This tight information loop, fast and efficient communication between themselves, the driver, and dispatch is the reason these ride sharing and taxi apps are so popular. And that tight information loop requires realtime technology to make it all possible.

Examples: Lyft, Sidecar, Uber, GetTaxi, Flywheel

Sports Score Applications: Updates as they happen

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Static or slow sport applications can’t emulate the fast-paced action of actually viewing a live sporting event. To create this user experience, there’s needs to be information pushed to the user as quickly and often as possible. A simple clock and score board that updates every 10-20 seconds doesn’t have the real life feel and speed it needs to capture the attention of its users.

Realtime technology has changed that. Information is now pushed as it happens, to thousands of users simultaneously, anywhere in the world. These apps no longer just update the score and time, but rather are fully featured applications for out-of-stadium audience interaction. This includes collaborative features like polls and trivia, social feeds, live blogging, and live statistics. The app obviously won’t completely emulate the feeling of watching a live sporting event in the flesh, but it is changing the way that somebody out of stadium can experience a live sporting event entirely from their phone.

Examples: Manchester City FC Match Day Centre, ScoreCenter

Online marketplaces: Emulating a real life auction house

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If you remember the early days of eBay, you probably pulled your hair out with the frustrations of the last 5 minutes of a heated bid war, repeatedly tapping ‘refresh’ to see if you were still the highest bidder. Then you refresh again, the auction is over, and you’ve been outbid. A static bidding application doesn’t mimic the excitement of a real life auction, and more importantly doesn’t enable users to bid rapidly with one another for an item.

“Behavioral emails are one of best ways to capitalize on in-app activity,” said Dane Lyons, Founder and CTO of Knowtify.io, the smart email engagement platform. “People really appreciate a brand that provides the information they really need when they need it.”

Today, online auction houses need to push high volumes of data as quickly as possible. They may have hundreds or even thousands of buyers watching and bidding on a single item. Data stream networks can power this, no matter where each bidder is located across the globe. This creates a reliable, low latency connection between all the bidders, the auctioneer, and auction application, ensuring a smooth and solid bidding platform.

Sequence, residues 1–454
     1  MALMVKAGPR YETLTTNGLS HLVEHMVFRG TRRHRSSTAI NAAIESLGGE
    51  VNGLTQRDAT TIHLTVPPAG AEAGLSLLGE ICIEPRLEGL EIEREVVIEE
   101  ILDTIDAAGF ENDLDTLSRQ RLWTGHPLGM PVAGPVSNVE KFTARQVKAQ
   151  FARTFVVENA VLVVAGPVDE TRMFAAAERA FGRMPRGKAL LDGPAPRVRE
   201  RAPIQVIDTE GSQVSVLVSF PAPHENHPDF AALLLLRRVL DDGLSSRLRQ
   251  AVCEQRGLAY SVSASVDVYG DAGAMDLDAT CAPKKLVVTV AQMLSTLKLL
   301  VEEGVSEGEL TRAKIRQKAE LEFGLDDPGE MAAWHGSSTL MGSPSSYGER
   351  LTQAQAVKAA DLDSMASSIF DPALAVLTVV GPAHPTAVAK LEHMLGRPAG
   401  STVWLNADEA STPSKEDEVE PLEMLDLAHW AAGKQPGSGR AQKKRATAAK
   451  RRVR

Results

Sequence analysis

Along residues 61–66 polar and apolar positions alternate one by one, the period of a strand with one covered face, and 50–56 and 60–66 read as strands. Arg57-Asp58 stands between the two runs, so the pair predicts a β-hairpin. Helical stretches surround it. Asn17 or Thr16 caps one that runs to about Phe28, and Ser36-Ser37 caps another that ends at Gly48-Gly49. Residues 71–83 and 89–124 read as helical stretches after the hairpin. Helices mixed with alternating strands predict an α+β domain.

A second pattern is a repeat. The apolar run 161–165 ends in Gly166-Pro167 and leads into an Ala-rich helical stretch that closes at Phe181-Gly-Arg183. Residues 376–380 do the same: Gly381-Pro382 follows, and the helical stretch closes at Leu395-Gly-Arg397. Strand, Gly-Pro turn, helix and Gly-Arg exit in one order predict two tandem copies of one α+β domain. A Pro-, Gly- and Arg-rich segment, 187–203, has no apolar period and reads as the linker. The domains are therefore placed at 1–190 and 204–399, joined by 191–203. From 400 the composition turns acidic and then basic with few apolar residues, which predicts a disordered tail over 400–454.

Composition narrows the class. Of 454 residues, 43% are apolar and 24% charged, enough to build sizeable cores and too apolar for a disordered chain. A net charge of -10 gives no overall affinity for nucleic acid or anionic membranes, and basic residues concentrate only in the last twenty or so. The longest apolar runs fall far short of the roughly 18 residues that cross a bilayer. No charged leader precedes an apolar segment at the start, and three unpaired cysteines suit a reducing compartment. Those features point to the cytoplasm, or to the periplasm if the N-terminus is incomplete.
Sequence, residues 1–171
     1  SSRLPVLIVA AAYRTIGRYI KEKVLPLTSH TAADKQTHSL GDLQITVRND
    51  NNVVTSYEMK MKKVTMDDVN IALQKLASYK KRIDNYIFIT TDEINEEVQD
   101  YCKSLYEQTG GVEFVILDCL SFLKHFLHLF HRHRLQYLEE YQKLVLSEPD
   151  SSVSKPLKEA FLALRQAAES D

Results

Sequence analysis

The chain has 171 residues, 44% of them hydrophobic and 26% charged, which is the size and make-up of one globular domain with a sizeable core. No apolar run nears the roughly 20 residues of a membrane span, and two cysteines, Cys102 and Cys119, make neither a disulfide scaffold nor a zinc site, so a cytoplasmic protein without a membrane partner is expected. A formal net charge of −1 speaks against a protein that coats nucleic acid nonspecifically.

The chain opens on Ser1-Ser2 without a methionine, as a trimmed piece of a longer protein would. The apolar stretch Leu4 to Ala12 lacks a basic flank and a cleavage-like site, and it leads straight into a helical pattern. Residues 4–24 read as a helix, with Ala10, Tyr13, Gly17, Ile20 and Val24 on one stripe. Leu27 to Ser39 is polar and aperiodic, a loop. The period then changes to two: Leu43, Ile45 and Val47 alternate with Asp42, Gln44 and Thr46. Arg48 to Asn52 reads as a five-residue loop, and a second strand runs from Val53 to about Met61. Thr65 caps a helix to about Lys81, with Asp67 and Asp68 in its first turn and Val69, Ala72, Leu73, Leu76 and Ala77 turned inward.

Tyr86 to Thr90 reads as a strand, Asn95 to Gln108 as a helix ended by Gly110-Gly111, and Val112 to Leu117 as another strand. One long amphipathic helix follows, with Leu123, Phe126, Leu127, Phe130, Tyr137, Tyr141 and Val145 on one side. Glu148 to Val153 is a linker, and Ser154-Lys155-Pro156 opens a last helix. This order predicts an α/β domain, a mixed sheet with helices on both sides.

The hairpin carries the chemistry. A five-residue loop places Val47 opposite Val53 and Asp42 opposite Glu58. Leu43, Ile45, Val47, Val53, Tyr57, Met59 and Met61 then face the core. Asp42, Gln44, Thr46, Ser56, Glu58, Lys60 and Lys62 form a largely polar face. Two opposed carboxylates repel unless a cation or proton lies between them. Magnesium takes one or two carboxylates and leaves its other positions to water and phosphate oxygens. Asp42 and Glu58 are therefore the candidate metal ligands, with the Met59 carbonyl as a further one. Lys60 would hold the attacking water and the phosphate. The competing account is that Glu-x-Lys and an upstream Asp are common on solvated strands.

ExamplesTopHatter, Catawiki

Home Automation: Reliable and secure realtime signaling

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When a user presses a button on their phone to turn on a light, they expect that light to turn on as if they’re flipping a switch. Or when you cross over a certain geographical location in your vehicle, you expect your garage door to open and your house’s heater to turn on.

It seems as though every home appliance these days has an IP address. Home automation solutions are becoming increasingly popular, and our houses are getting smarter and smarter. To provide and power a full home automation product, speed, reliability and especially security are paramount requirements.

This is where realtime device signaling comes into play, a key component of any home automation product. Device signaling requires a system that is bidirectional, where updates are sent through a dedicated channel that can trigger events (such as a light turning on). This signaling is needed on both the send side and the receive side. Though low latency is key for this signaling, security and reliability are just as important. When the security of your home rests in an home automation solution, encryption and additional security features need to be a core feature of the application. This ensures that unauthorized users can’t access the home automation application.

When you lock the door from your smartphone, you want that door to lock every time, and you definitely don’t want somebody else to be able to unlock it.

ExamplesRevolv, Insteon

These are just a couple different types of web and mobile apps that reflect the exponential growth and reliance of realtime technology. We want information as it happens. And realtime technology delivers that.

Interested in learning more? Be sure to browse through a number of PubNub’s latest blog posts, as well as surf through our archive on the company’s realtime network here.